who advertise in its monthly publication "Army.” Among these advertisers are some of the biggest defense contractors in the country, including Lockheed, Grumman, Bell Aircraft, etc. The association claims its goals are for a bigger, better Army which is very high sounding and are, in fact, just what the Department of the Army's goals are. Too, those goals would be good for Lockheed, Gumman, Bell, etc., as all would profit from goals like “increased airlift capability,” etc.

I don't mind at all seeing the A.U.S.A. working toward these high and mighty goals, but I don't like being coerced into contributing to it, and that is just what is happening here. We are told, of course, that the $6.00 yearly dues is just that, dues-not a contribution and just to prove it, a "member” gets the monthly “Army” magazine and a membership card. We are told that we should support the A.U.S.A. because it lobbies for us and is our "voice” in legislative matters. We are told that, if the A.U.S.A. achieves its goals, we are bound to benefit. True, but that's simply because the goals are so high sounding.

What the A.U.S.A. really means to us enlisted men and most junior officers is "taxation without representation.” While we are called up to "join,” we have no voice in the decisions made by the A.U.S.A., these being made by the “General Staff,” just like "the old days” in the Army.

Why the insistence that enlisted men join? I don't know. Maybe the battle of statistics is being waged in this area, too. Probably, though, they just need the money. You know, a retired general or colonel gets on the phone and calls one of his "active” friends, mentions that membership in the A.U.S.A. is sagging and a "drive” for fresh members would help. I'm sure you get the picture. Just the other month General Bruce Palmer boasted that the "Braxton Bragg” chapter of Fort Bragg would be the “biggest in the Army.” Now we are going through the usual pressures here. "Interviews” by senior noncoms, lists prepared for the commanders information,” etc. I'll let the two enclosures (rescued from a trash can) illustrate further.

Please do not use my name as I now have 1742 years service and would like to retire at my present grade. I'm only sending you this information because I noted that you are interested in these activities. Sincerely,

: Reference or office symbol:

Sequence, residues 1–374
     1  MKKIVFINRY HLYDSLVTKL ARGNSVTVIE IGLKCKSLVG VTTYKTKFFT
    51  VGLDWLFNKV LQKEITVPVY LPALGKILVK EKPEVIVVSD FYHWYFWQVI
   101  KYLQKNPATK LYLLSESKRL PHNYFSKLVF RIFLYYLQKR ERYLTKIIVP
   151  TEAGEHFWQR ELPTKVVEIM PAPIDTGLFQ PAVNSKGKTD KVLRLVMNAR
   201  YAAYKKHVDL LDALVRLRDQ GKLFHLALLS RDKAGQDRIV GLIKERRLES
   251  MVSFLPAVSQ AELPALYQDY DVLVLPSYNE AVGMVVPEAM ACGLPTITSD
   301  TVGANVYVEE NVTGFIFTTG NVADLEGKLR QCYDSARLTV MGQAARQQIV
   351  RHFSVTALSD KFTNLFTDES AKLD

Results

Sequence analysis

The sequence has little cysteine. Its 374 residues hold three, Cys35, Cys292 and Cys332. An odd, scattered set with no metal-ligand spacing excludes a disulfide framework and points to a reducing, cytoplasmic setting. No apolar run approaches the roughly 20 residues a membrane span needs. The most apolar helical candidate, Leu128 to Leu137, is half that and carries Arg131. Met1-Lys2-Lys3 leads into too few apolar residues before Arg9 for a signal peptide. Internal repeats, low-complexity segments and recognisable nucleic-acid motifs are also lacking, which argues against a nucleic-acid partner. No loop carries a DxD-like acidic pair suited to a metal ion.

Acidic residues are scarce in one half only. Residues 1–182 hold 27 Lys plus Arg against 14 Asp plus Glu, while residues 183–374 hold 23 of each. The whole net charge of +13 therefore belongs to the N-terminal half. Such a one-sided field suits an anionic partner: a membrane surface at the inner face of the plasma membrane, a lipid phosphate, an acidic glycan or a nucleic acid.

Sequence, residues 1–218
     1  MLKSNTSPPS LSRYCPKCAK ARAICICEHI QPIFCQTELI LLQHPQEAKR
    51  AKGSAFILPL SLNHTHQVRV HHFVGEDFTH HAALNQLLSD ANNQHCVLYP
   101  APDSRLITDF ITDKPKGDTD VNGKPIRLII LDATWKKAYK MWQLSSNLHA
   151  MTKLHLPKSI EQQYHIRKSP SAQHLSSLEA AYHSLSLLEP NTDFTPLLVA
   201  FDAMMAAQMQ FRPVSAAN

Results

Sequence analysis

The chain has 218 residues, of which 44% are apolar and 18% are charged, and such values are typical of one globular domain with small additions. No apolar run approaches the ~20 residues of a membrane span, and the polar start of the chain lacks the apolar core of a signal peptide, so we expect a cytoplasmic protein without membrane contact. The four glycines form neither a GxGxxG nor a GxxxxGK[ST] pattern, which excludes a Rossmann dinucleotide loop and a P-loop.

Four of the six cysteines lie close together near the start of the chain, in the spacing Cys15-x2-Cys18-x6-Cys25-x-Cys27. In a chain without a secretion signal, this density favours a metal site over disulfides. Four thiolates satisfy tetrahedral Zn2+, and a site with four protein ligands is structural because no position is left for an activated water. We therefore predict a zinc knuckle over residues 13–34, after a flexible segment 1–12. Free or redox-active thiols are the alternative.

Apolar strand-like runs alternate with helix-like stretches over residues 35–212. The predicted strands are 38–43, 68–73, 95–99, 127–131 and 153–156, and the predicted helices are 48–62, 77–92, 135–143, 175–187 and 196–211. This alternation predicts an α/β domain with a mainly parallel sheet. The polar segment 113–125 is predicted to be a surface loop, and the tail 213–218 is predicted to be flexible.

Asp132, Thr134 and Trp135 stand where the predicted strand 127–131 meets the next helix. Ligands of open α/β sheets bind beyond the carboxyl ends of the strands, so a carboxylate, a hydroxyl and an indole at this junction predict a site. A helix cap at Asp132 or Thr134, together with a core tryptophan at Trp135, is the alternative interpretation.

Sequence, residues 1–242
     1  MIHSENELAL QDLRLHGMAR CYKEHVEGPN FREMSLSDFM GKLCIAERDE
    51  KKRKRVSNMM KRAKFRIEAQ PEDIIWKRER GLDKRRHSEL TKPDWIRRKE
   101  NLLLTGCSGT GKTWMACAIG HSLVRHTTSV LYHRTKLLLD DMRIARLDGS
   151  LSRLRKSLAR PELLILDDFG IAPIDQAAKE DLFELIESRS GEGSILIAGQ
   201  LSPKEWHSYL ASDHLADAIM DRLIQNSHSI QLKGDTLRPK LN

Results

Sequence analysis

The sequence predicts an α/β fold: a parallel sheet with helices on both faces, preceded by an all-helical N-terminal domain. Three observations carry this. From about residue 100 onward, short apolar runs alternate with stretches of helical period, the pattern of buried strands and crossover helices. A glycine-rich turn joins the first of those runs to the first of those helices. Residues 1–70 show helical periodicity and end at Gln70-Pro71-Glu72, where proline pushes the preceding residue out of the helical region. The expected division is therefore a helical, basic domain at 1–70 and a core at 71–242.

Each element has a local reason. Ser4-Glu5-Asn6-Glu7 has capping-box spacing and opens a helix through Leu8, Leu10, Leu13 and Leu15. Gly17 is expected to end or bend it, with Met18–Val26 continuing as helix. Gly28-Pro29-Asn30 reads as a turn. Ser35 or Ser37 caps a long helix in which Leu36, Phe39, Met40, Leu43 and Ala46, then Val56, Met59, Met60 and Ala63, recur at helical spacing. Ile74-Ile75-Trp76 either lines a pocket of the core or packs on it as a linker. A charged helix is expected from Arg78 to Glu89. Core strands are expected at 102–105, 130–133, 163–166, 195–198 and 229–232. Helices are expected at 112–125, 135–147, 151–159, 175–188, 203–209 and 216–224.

Subject: SMaj's Meeting Notes.
To Assigned Personnel, T&T Committee.
From: NCOIC, T&T Committee * * *

1. A meeting was held by the Gp SMaj following is the information which was put out:

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j. Those who are not members of the AUSA, contact MSG *** for necessary application blanks. 2. The above notes WILL be compiled with by all members of the committee.

NCOIC. DA Form 2496, 1 Feb. 62. Replaces DD form 96, existing supplies of which will be issued and used until 1 Feb 63 unless sooner exhausted.

JANUARY 9, 1967. DEAR SENATOR ERVIN: I listened with great interest yesterday morning to a news account of your proposal to outlaw the coercion which is presently connected with the U.S. Savings Bond program.

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Perhaps, if you have the time to read on, you will find the whole story of interest.

I am a 43-year-old lawyer with 19 years service, 4 of it as an enlisted man in World War IỈ with 49 combat missions and 4 Air Medals. I have never received so much as a verbal admonition and my effectiveness reports have all beenwith the exception of the last one in the “Very Fine Officer” category, at least.

My career was progressing at a normal rate, with a promotion to Major . January 1961, and a prospective promotion to Lieutenant Colonel in March 1966. Then came the Bond drive of 1963. Unbelievable pressure was applied, with the




usual threats of loss of promotion and other dire consequences. My Group commander even gave me a written order to participate. I refused. (See enclosure 2.) [Not included in RECORD.]